By Lane Carter
It’s not easy to be king. But being a kingmaker can be just as tough, if not worse.
Just ask anyone from the Liberal Democrat Party in the UK, or indeed, Germany’s Free Democratic Party.
Barring surprises, the lifespan of a king-maker usually mirrors that of emperor (or empress) he or she helped crown. But the same cannot be said of his or her influence.
Kingmakers are most powerful before the new leader takes his or her seat at the throne. From there, the role usually involves a deep dive into oblivion, occasionally accompanied by the muffled sound of implosion.
But that hasn’t stopped politicians in Greece from trying.
No surprise there, since the party that comes in third in the January 25 election will get to influence the shape and policies of the next Greek government, which would in turn dictate the country’s future in Europe.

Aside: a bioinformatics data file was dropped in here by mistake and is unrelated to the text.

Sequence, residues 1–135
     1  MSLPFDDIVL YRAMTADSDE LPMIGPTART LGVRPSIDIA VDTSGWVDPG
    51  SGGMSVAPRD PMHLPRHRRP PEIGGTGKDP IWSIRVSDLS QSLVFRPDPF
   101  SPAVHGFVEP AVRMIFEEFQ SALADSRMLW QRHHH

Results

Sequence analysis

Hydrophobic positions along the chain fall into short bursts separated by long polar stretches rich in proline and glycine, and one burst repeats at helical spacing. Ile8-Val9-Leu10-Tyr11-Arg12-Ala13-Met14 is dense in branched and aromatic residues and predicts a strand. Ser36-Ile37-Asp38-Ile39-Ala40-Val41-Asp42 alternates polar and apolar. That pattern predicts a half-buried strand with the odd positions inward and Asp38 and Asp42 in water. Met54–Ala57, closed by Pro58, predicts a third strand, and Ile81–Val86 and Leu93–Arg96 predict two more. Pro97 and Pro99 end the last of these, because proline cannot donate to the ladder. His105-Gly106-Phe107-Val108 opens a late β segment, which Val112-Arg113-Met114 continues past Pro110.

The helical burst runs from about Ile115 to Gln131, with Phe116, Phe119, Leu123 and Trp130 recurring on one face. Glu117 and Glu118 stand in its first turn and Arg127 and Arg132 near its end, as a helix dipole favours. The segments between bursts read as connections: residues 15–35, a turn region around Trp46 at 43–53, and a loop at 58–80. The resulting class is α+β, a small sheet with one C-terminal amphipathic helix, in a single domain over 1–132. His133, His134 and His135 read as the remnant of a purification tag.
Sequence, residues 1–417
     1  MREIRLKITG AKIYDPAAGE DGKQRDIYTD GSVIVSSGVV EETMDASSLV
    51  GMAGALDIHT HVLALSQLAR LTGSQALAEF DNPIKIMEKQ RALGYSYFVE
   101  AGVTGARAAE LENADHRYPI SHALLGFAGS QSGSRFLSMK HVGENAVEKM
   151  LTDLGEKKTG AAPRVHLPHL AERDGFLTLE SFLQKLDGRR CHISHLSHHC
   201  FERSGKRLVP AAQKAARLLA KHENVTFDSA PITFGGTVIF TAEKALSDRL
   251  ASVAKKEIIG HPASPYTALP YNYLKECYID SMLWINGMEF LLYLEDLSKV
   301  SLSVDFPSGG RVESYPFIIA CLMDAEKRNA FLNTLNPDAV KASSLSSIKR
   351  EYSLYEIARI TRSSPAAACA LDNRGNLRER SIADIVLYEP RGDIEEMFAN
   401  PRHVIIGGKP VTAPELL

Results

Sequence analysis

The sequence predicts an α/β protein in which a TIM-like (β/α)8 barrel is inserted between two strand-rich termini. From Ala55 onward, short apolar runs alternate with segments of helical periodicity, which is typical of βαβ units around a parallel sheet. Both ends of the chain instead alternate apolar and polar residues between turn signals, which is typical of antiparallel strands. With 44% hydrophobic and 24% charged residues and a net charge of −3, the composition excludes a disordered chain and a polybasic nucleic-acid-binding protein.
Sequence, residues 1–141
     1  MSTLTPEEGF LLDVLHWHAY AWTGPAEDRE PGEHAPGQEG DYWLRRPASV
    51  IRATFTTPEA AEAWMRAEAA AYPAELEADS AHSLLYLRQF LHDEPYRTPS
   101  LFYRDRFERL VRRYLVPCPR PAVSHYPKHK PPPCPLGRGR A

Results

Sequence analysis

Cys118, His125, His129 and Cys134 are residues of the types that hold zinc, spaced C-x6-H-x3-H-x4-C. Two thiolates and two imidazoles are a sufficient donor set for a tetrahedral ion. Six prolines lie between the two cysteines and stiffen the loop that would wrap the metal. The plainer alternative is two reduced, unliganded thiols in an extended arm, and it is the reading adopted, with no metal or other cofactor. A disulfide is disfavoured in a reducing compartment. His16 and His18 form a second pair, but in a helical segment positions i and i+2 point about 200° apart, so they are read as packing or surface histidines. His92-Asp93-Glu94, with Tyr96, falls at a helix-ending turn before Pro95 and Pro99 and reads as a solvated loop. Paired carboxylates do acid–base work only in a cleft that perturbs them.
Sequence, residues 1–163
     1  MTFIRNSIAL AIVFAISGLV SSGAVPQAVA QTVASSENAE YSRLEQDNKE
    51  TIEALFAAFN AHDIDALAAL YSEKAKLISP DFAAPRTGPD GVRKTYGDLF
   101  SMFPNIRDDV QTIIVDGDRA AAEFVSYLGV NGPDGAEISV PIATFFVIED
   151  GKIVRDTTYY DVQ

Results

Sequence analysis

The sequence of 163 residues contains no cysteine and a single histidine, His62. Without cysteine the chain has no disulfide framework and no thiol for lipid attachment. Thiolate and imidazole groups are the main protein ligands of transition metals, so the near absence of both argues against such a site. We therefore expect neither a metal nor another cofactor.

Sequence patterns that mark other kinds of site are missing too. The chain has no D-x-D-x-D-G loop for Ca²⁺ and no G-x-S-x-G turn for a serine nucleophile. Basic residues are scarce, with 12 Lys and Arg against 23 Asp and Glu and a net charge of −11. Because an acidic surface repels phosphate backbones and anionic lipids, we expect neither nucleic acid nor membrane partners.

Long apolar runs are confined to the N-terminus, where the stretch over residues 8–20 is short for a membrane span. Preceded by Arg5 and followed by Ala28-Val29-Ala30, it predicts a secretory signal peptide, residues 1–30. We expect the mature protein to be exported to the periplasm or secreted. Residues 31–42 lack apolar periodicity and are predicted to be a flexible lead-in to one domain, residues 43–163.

Undeniably, the stakes are high. But the quality of the contenders, it has been whispered, leaves a lot to be desired.
Some — such as the Independent Greeks –cruise on a populist ticket promising changes they have yet to work out how to deliver, while others – and here Mr. Venizelos and Mr. Papandreou come to mind — coast on past glories in the hope that familiarity will not breed contempt.
Both groups share a “campaign now, policy later” mentality, which is as naïve as it dangerous. The potential for policy error is significant. The risks of contagion are huge.
What Greece needs is a credible and pragmatic kingmaker, with the ability to bring rivals to the negotiating table and put the country’s future at the heart of decision-making.
This is particularly crucial at a time when the deep sense of uncertainty in the political and financial arena is matched by an apparent complacency among policymakers across the continent.
In other words, a perfect storm is brewing.